According to Marr's in the study of "Microfinance and Poverty Reduction-The problematic experience of Communal Banking in Peru" it had been argued that a set of incentives can be devised, without choice to public welfare funds, to accurate information asymmetries between borrowers and lenders in micro finance. Further the members of the group will work with mutual support because they too are from the poorer part of the society - indicative of a tendency in such studies to romanticise the nature of social kindred in community-based networks in the rural areas. His research has undertaken in urban and rural communities of Peru, and it has been presented in his study, that group-based microfinance schemes are frequently unable to harness local information, and hence usually impose more and more severe sanctions in order to obtain high repayment rates. It has been further mentioned in the study that these kinds of practices turn the other way round, and most possibly affect micro finance group cohesiveness badly and beat the poorest and most vulnerable people. At the end these will create more poverty, and damage the very foundations of microfinance schemes (Marr, A).
Matthews and Ali (2002) analysed about a savings led model for fighting poverty and discrimination. In his work, he mentioned that there will be a well documented of gratitude and land loss in one of the region that has had unfortunate consequences for the group of Adivaasis. Disasters, like drought or flood, will lead the crop to be unproductive. So to avoid from starvation, people will borrow money. Loans from local moneylenders provide loans with high interest rates, starting from the same of 100% per annum. Adivaasis too sell loans to their workers before two or three months earlier to the harvest at a reduction of up to 50%. This method is employed where the victim's family is uneducated and belongs to a disliked minority group. A study of community based Savings and Credit Cooperatives (SCC) in Nepal - a sustainable means for microfinance delivery had been conducted by Gingrich (2004). In that research, the financial performance of community based SCCs in Nepal and their ability to provide sustainable services was examined. The study found that Nepali Savings and Credit Cooperatives earn strong profits and prove important potential as sustainable microfinance institutions. These Savings and Credit Cooperatives are more or less fully financed by members' savings. It has been also mentioned that the main factor affecting SCC's profitability is the interest earned on loans (Gingrich 2004).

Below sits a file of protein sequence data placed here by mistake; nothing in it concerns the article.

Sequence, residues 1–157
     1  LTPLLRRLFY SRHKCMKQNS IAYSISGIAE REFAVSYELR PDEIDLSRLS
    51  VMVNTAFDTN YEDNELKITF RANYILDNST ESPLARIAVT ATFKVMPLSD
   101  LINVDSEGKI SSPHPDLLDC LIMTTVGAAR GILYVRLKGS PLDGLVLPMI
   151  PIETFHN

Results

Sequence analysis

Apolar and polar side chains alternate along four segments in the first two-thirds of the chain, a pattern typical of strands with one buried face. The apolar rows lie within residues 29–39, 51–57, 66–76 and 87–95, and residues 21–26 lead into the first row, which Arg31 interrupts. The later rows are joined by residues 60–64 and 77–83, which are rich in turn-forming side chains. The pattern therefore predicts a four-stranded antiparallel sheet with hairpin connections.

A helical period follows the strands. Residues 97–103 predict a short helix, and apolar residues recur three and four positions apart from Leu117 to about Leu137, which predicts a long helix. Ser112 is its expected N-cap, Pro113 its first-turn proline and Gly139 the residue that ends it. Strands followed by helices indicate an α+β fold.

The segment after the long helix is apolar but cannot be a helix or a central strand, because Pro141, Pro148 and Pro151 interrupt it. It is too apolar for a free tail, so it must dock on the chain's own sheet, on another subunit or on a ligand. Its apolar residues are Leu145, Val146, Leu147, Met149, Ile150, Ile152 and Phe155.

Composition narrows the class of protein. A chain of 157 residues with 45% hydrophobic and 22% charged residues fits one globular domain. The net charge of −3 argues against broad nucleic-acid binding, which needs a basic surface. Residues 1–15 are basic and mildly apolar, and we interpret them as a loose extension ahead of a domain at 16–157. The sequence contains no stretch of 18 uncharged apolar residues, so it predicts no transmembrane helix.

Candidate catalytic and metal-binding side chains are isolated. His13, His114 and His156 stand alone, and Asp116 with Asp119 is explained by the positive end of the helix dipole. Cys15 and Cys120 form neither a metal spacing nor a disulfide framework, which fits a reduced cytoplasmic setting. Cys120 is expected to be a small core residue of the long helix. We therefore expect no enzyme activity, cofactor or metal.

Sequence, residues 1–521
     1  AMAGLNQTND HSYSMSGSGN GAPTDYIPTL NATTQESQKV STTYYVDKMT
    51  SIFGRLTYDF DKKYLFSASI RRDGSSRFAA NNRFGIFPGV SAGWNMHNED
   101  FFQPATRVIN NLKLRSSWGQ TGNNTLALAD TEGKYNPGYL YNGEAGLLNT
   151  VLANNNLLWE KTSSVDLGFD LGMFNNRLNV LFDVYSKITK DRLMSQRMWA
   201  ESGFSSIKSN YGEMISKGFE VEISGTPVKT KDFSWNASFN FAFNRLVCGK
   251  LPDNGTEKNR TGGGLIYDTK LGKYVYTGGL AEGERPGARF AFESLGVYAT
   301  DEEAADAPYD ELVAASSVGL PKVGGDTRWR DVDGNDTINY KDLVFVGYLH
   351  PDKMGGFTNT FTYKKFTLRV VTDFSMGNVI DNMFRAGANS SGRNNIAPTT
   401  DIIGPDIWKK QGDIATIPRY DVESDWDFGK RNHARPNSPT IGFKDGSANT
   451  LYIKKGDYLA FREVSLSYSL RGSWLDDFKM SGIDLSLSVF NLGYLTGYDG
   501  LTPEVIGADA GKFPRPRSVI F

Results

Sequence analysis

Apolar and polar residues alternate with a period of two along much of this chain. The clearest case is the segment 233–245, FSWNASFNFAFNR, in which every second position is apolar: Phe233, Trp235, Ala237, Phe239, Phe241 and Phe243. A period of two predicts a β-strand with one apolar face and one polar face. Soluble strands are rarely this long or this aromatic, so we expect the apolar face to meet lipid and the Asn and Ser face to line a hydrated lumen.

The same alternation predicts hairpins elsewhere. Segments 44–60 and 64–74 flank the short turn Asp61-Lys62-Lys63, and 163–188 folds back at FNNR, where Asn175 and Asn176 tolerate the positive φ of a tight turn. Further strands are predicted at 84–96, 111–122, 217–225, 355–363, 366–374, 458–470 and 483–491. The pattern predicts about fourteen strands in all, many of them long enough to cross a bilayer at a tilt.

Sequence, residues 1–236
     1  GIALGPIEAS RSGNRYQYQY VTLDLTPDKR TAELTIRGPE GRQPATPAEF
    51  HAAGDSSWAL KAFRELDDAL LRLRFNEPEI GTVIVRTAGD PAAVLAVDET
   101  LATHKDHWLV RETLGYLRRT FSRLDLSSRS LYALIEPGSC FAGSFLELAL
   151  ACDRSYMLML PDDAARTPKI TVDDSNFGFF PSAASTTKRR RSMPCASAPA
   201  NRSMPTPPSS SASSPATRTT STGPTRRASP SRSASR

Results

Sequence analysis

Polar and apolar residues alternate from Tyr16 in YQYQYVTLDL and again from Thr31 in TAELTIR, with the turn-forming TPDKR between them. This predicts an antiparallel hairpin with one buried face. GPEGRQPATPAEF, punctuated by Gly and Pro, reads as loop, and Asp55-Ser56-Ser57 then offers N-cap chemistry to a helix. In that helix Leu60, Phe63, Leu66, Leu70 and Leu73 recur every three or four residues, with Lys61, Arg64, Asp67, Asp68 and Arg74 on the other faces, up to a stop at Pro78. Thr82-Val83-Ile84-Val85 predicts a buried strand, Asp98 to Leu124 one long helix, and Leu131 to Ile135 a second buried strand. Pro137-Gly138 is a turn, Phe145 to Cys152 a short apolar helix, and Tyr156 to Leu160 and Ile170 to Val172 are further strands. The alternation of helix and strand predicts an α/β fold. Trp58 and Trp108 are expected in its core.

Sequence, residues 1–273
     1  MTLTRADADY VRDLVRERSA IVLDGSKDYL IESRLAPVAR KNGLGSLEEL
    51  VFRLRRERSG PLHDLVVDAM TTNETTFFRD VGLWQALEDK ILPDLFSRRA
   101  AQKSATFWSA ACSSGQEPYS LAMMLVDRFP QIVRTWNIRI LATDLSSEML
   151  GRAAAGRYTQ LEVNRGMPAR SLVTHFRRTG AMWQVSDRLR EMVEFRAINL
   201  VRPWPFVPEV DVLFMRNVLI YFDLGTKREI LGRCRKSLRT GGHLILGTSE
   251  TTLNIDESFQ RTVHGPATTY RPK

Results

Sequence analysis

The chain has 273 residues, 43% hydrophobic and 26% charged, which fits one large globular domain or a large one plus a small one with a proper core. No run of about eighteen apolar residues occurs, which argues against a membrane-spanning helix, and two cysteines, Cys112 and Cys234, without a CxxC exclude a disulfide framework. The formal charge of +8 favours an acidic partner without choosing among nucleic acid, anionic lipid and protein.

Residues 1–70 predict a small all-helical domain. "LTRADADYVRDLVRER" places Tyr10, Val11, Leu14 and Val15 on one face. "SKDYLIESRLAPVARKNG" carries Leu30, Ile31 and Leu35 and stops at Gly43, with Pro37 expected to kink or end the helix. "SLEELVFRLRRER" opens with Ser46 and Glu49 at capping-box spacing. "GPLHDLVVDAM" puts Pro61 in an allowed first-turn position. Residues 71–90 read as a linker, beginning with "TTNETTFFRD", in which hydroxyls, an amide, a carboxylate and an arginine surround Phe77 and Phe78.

"A microfinance portfolio even with very low arrears can, within a few months, exhibit a dramatic rise in arrears, which can destroy the MFI" (Norell 2001). The risk that the borrower tends not to repay the interest and or the principal of the loan that he has received normally expressed as Credit Risk. In point of fact credit risk can be explained further as a risk of an unexpected change in the credit worth of the borrower that may go below the value of the loan. Credit risk, is not only taking into consideration the amount which is expected not to repay but also taking into consideration the inestimable value of the borrowers down grading. The effect of increased credit risk will smash up the whole group as it will reduce the total capital of the group and also the respect of members within the society. In the micro finance, the insolvency loss effect is the main element of credit risk. In microfinance the two important factors for delinquency or arrears are the interest rate and the instalment of repayment. Members with in a group need to consider the capital, donations, outside interest rate by other institutions and provisions for risk and profit while they decide about the rules and regulation for the whole system of micro finance for the group, and also decisions on interest rates (Torre and Vento 2006). Schreiner (2004) in one of his researches had mentioned that micro lenders provide small, short, unsecured loans to the self-employed poor people using microfinance as a strategy. Some of these borrowers have collateral for their loans, credit bureau records, or formal day pay jobs. In the past, lenders main challenge was to guess the risk of lending to the borrowers in microfinance. So it was hard for them to calculate the risk and to set up a suitable interest rate. The lenders were accused for usury if they set the interest rates of loans to overcome the costs of small loans, but if the lenders tend to set lower rates, then they will be in greater risk of losing money through interest (Schreiner 2004).